MEXICO CITY — Monarch butterflies have made a big comeback in their wintering grounds in Mexico, after suffering serious declines, experts said Friday.

The area covered by the orange-and-black insects in the mountains west of Mexico City this season was more than three and a half times greater than last winter. The butterflies clump so densely in the pine and fir forests they are counted by the area they cover rather than by individual insects.

The number of monarchs making the 3,400-mile migration from the United States and Canada declined steadily in recent years before recovering in 2014. This winter was even better.

This December, the butterflies covered 10 acres compared to 2.8 acres in 2014 and just 1.66 acres in 2013.

While that’s positive, the butterflies covered as much as 44 acres in 1996.

“Now more than ever, Mexico, the United States, and Canada should increase their conservation efforts to protect and restore the habitat of this butterfly along its migratory route.” said Omar Vidal, director of the World Wildlife Fund in Mexico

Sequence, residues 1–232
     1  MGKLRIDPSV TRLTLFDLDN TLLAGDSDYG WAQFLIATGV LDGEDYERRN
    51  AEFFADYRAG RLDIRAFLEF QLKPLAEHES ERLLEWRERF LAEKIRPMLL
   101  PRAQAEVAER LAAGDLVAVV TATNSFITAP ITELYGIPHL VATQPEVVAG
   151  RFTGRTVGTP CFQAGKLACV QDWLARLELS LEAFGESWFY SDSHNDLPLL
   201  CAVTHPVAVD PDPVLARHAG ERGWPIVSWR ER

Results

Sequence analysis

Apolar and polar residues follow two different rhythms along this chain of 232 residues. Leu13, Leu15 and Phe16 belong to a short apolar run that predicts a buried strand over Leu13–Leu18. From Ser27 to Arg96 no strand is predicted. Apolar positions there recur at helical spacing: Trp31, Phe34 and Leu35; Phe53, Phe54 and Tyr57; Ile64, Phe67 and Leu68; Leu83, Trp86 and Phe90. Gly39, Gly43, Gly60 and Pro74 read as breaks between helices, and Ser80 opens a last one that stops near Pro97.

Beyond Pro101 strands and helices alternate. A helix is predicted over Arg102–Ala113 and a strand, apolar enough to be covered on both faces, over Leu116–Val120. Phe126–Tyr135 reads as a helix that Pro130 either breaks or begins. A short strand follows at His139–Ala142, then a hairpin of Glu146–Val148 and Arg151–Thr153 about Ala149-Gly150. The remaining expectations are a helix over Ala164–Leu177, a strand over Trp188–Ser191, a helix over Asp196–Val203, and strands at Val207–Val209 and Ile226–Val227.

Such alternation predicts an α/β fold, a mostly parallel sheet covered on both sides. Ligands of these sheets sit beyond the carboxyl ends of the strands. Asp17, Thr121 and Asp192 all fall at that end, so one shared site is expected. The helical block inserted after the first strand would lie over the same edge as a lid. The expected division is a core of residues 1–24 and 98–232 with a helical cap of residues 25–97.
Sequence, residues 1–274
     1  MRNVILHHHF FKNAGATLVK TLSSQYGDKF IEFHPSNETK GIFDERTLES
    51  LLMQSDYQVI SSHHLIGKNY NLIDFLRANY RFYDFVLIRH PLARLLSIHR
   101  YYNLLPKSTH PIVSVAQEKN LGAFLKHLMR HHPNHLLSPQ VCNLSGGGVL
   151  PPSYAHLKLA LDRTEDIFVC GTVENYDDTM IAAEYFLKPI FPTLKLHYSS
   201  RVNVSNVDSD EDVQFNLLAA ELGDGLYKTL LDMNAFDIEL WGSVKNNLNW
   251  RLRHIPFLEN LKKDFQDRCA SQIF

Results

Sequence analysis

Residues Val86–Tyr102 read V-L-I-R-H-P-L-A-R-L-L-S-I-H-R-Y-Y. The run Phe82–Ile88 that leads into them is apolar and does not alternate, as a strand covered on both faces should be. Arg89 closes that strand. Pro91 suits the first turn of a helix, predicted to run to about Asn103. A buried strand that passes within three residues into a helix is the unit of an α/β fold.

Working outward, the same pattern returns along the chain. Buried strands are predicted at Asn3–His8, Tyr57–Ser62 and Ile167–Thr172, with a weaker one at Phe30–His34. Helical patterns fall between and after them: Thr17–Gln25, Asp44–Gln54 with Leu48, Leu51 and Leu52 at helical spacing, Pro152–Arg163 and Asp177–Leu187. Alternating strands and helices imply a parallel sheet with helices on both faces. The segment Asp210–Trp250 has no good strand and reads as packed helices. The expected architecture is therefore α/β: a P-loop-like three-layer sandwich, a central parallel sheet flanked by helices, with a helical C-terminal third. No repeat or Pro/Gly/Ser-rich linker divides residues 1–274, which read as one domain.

The United States is working to reintroduce milkweed, a plant key to the butterflies’ migration, on about 1,160 square miles within five years, both by planting and by designating pesticide-free areas. Milkweed is the plant the butterflies feed and lay their eggs on, but it has been attacked by herbicide use and loss of open land.

“It is time for celebration because we see the beginning of success,” said Dan Ashe, director of the U.S. Fish and Wildlife Service. “But our task now is to continue building on that success.”

– The Associated Press